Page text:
Muzaffarpur shelter home: Bureaucrats aware of sexual abuse supervised rehabilitation of victims

On 23 July 2018, the Bihar police dug up the premises of a shelter home called Balika Grih in Bihar's Muzaffarpur. Apart from a horrific trail of physical and sexual exploitation, the minor residents of the shelter home also alleged murders by the owner Brajesh Thakur. The CBI concluded its investigation saying there were no murders, and the same officials who kept silent about the abuse at the shelter home monitored the victims’ resettlement. PTI
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08 February, 2020

On 11 February, a special court in Saket, in Delhi, will decide the quantum of sentences to be awarded to the 19 people convicted in the Muzaffarpur shelter-home case. The Caravan’s ongoing investigation of the case has revealed that the rehabilitation of the affected minors was overseen by bureaucrats who were reportedly aware of the sexual exploitation of over 30 minors at Balika Grih between 2013 and 2018, yet kept silent. The Caravan has identified at least two bureaucrats and three senior officials who were made part of a rehabilitation committee, which was set up by the state government under the directions of the Supreme Court. The committee held its first meeting on 28 August 2018. Among them, two bureaucrats and one senior official had been named in a report by the Bihar police on 3 July that year; and Central Bureau of Investigation raided the home of at least one of them, just a week before the committee’s first meeting. Yet none of the three made it to the agency’s chargesheet filed in December 2018. The other two were prosecution witnesses.

The revelations came to light from the minutes of the meetings of the rehabilitation committee accessed by The Caravan. The committee includes members from the Tata Institute of Social Sciences, the All India Institute of Medical Sciences, NIMHANS, a national mental-health institute, UNICEF and representatives of the Bihar government. Among the officers in the committee, the most egregious inclusions are Raj Kumar, Sunil Jha and Atul Prasad. Kumar is an officer of the Indian Administrative Services and now the director of the social-welfare directorate and the directorate of empowerment of persons with disabilities. He is third in the chain of command at the state’s social-welfare department. As The Caravan previously reported, the Bihar police had come down heavily on Kumar and marked him for further investigation since Kumar “knew a first-information report can be lodged, still never ordered an internal probe.” The police, in a supervision report with conclusions regarding further investigation of the case, had recommended that Kumar be interrogated immediately for his suspected role. Despite this, Kumar headed the first meeting of the rehabilitation committee. He did not respond to multiple calls and text messages.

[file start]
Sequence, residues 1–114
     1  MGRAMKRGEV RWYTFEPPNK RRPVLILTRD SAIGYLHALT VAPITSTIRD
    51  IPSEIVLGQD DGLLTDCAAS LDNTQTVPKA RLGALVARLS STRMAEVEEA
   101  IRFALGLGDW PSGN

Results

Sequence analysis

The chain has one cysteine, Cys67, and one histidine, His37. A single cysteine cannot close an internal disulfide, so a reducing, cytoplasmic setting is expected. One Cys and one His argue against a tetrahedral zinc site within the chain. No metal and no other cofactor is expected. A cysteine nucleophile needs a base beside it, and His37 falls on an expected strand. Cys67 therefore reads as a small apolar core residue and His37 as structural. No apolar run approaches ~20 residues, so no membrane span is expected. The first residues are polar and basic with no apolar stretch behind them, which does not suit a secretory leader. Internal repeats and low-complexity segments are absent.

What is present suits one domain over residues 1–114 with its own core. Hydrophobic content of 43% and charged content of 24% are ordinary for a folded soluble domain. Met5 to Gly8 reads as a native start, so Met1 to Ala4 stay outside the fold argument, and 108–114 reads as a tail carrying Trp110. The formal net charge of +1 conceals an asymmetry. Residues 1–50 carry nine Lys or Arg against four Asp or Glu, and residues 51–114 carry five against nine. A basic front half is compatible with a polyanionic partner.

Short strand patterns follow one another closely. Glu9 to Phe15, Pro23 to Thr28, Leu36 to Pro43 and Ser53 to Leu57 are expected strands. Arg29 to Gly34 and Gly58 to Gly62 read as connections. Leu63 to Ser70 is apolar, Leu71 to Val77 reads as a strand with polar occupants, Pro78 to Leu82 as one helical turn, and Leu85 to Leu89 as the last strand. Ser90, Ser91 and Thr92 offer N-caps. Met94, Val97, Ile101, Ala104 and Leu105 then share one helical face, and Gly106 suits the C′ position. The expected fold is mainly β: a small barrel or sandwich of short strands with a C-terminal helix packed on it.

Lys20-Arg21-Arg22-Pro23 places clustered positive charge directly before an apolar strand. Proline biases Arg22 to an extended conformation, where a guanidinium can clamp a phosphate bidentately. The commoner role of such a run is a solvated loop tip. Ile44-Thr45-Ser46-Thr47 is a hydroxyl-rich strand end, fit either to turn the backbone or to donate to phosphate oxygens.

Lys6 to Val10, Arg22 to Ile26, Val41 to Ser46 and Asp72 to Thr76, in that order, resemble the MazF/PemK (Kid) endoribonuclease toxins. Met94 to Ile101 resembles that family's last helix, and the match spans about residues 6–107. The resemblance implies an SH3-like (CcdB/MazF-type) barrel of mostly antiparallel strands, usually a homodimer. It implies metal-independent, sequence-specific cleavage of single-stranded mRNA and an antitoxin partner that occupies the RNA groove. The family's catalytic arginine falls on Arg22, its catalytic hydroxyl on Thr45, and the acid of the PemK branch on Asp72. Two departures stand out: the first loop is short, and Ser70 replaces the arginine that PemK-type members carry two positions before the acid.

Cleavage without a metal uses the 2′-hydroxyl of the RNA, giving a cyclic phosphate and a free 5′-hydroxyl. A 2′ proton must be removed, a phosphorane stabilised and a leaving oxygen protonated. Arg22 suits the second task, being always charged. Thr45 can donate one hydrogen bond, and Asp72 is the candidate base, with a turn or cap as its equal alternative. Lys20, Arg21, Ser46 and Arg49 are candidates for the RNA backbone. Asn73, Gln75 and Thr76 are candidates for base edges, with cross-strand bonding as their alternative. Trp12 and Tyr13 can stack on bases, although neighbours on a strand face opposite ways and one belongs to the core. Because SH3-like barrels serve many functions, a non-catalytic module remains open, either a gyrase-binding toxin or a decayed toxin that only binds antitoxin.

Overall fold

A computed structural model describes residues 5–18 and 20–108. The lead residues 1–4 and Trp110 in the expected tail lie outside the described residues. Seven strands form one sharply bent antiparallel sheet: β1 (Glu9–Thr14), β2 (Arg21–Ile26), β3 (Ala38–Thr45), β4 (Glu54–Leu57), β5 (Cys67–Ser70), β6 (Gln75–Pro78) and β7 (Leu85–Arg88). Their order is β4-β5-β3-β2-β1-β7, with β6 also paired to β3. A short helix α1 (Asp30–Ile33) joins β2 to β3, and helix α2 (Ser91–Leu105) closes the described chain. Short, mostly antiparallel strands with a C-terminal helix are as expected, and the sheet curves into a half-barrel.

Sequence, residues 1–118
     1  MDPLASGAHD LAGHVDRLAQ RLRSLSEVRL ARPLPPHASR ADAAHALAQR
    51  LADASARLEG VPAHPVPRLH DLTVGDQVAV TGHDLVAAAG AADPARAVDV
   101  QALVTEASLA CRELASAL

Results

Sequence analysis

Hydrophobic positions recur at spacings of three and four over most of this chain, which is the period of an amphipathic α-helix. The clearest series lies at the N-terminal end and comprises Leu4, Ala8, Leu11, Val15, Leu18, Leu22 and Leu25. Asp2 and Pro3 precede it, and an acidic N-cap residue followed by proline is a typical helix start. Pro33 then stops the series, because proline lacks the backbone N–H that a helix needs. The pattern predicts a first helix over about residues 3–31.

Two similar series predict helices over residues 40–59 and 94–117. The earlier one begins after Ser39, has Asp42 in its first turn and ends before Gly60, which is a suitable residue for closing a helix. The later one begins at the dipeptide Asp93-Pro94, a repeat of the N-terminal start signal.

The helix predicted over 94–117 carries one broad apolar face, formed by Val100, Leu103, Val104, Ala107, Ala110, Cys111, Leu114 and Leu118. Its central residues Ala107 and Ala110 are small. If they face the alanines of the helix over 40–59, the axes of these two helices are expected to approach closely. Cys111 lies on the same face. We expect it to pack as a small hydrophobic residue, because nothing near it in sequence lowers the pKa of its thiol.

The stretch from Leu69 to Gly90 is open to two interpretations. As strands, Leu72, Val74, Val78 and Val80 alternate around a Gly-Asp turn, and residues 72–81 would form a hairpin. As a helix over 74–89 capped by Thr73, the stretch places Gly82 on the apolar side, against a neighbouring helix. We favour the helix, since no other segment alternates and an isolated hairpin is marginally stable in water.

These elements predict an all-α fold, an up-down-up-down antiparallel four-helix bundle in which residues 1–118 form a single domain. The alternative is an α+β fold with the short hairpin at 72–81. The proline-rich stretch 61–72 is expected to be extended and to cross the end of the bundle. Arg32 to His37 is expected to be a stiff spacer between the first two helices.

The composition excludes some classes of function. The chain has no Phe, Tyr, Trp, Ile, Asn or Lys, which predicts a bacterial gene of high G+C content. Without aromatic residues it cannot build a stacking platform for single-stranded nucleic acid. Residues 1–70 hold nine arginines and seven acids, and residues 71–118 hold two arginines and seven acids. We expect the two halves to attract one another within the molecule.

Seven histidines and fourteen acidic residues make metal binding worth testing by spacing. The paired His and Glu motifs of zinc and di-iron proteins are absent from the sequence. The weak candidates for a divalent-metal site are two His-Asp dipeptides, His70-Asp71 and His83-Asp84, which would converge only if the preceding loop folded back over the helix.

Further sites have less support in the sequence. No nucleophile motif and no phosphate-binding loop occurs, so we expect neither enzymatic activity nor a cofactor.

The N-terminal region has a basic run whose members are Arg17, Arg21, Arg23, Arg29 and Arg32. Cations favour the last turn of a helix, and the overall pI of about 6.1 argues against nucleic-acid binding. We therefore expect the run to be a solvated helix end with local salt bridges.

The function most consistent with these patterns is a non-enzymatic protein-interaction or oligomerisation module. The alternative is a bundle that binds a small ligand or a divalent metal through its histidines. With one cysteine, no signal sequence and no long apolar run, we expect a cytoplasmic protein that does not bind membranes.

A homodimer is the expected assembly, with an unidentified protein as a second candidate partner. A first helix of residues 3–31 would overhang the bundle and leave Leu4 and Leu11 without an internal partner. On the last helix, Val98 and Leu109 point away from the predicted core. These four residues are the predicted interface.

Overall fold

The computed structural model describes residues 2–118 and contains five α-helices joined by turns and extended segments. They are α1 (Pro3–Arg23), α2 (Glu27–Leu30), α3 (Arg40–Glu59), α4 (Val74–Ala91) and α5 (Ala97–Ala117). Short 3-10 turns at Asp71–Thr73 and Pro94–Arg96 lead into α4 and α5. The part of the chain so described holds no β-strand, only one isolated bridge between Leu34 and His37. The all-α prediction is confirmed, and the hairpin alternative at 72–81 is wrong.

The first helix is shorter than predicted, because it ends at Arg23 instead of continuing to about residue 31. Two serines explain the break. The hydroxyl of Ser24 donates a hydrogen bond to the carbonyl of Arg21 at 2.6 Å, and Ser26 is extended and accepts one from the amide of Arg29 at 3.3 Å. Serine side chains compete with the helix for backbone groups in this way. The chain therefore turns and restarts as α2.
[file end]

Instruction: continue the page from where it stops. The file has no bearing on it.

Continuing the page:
Jha is a senior consultant with the State Child Protection Society—a state-level government body responsible for implementing child-protection schemes. Jha was appointed as a coordinator between government officials and the external agencies in the first meeting. He was first named in June 2018 by Ravi Kumar Raushan, one of the individuals accused in the case who served as a child protection officer. Raushan was convicted on multiple counts of sexual abuse. Raushan had told the Bihar police that “another man called Sunil Jha who too knew what was happening at the Balika Grih and yet remained quiet about it.” However, the report did not identify Jha or his designation. I tracked down Jha and asked if his name appeared in the Bihar police’s report. “I’m not aware of it,” he said. However, when I asked if the Bihar police ever questioned him, he told me, “I cannot reveal that. I’m not authorized to speak to you. Whatever investigation was there has already been done.” Jha admitted that the CBI raided his house in August 2018, but refused to share any details of his questioning. “I’m only answerable to the investigative agency and I’ve done that.” 

Prasad was a principle secretary of the Bihar government in 2018 and is now an additional chief-secretary. He chaired a rehabilitation-committee meeting held on 11 October 2018. The Bihar police report had also named Prasad and raised suspicion on his conduct. According to the report, Prasad had called for a state-level meeting on 26 May 2018, four days before the case in the incident was registered, to discuss the TISS audit report highlighting sexual abuse of children in Bihar’s 17 shelter homes, including Balika Grih. The police had questioned why Prasad did not order any immediate action “even after a state level meeting was held on the issue.” Prasad, too did not respond to calls or text messages.